Hi Yogi,

From what you wrote, I think your understanding of chains, group nodes, and the Eureka notation has taken tremendous steps forward! Great job!

Yogi wrote:The two chains do it in a much more straightforward way to show that r9c8 can’t be 8 or 9. I don’t quite see it as a kite but I was mainly interested in the Eureka chaining language.

Well, it's not a simple Kite so it's not as easy to see, but it's a (Dual) Grouped Kite. In a simple Kite you only have simple strong links, i.e. only two candidates of the digit in the relevant row and column, connected by a box. In a Grouped Kite you can have three candidates in one or both lines, as long as two of them are in the connecting box forming a group node (or two).

In this case the row has a group node in box 2 (forming a grouped strong link in that row), but the column strong link remains simple because it has only two candidates. The same logic would work if r3c4 had 8 and 9 as candidates, so you could have a group node (and a grouped strong link) in the column as well.

In a Kite the end-points of the chain must still be single candidates so that they can both see the elimination. On the other hand, in a Grouped Skyscraper one of the end-points is a group node (and it can have up to three candidates, thus a total of four in that line). It works because the elimination(s) is/are in the same box as the group node.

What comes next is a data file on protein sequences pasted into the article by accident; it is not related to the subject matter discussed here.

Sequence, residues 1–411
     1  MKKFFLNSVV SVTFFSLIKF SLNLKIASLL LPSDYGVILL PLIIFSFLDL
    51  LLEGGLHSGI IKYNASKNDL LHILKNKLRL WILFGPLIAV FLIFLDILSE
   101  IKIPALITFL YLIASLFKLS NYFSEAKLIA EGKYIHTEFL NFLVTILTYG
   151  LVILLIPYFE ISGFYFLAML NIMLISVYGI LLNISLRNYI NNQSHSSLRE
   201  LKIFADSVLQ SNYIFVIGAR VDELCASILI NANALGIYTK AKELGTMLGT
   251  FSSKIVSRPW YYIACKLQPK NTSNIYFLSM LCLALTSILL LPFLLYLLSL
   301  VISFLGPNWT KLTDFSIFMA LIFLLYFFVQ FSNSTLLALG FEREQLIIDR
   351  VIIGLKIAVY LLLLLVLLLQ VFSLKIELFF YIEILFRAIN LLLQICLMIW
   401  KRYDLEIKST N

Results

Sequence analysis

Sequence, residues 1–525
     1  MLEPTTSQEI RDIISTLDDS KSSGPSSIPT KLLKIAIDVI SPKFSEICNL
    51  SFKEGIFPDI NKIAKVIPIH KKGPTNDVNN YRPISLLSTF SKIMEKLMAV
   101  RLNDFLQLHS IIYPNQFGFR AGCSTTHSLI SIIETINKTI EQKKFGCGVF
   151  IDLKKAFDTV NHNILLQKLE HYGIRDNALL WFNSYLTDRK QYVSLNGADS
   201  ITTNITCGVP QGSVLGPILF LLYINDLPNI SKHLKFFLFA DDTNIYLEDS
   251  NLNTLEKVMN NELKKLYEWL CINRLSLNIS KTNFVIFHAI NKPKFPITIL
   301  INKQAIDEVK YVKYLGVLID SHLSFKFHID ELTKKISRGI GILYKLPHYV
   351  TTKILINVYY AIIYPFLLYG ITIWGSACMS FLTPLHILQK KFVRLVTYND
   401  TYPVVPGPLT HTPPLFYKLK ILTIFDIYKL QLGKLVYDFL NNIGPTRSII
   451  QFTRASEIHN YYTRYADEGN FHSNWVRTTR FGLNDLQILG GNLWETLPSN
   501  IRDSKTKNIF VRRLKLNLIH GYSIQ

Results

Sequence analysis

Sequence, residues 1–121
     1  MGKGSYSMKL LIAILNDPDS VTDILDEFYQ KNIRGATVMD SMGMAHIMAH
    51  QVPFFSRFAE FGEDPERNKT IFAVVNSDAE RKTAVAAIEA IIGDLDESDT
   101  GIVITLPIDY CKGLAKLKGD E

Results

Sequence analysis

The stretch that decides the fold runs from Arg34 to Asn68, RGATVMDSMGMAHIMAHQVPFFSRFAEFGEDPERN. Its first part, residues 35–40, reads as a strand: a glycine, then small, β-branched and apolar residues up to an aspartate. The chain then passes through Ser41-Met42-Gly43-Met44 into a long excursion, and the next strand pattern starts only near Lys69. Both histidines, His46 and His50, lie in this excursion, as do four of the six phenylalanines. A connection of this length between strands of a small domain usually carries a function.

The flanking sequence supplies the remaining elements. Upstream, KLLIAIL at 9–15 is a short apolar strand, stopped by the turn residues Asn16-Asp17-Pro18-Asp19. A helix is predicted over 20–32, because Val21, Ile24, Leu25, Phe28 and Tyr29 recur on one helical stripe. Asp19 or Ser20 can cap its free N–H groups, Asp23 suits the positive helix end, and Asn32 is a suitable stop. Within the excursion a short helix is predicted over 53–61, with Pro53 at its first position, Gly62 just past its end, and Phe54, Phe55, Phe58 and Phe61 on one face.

Here’s how I see it. Given that you have identified by logic or otherwise that the eliminations are in r9c8, you want to write the chain to explain it in such a way that the endpoints both see this cell. So we go from r9c4 to r2c8, and we will have an AIC if we can start and end with a strong link and alternate strong and weak links throughout the chain.

(8)r9c4=r1c4-r2c56=r2c8 => -8r9c8 and

(9)r9c4=r1c4-r2c56=r2c8 => -9r9c8 => 5r9c8 stte

Exactly. That's two Grouped Kites, both with a single group node (r2c56) in box 2/row 2. The

r1c4-r2c56 is a

grouped weak link and the

r2c56=r2c8 is a

grouped strong link.

The tricky part was seeing r1c4-r2c56 as a single weak link. I would not have thought of that as a single link but clearly it is valid. Are we seeing r2c56 as a single entity in the chain, a node, perhaps? Is the weak link here saying “When r1c4 is 8, NEITHER r2c5 nor r2c6 can be 8 and therefore r2c8 must be 8,” proving that r9c8 cannot be 8 because it can see both ends of the chain, at least one of which must be 8?

Exactly, on all accounts. The two candidates r2c56 form a

group node because they're in the same box and row. Thus they can be used as a single entity within that box and row, but not in their columns (obviously, because they're in different ones).

Finally, if everything works the way it should, does the AIC work in the opposite direction?

Yes, as it should.

Seems so. If r2c8 is NOT 8, one of r2c5 or r2c6 must be 8, so r1c4 cannot be 8 and r9c4=8 => -8r9c8.

Works fine if r2c56 is a single point in the chain.

Exactly, again. When approaching from that direction, you can think of the three candidates in row 2 as an almost-claiming. If r2c8 is not 8, then the two remaining 8s in row 2 are both in box 2. That's a claiming, which would eliminate 8r1c4 (and any other 8 in that box that is not in row 2). A Grouped Skyscraper has an almost-claiming as well, but there the group node is an end-point. The same logic works for almost-pointing situations, which is how ERs (i.e. Grouped Cranes) work.

In general, you can think of simple bilocation strong links as almost-hidden-singles, while grouped strong links are either almost-claimings or almost-pointings.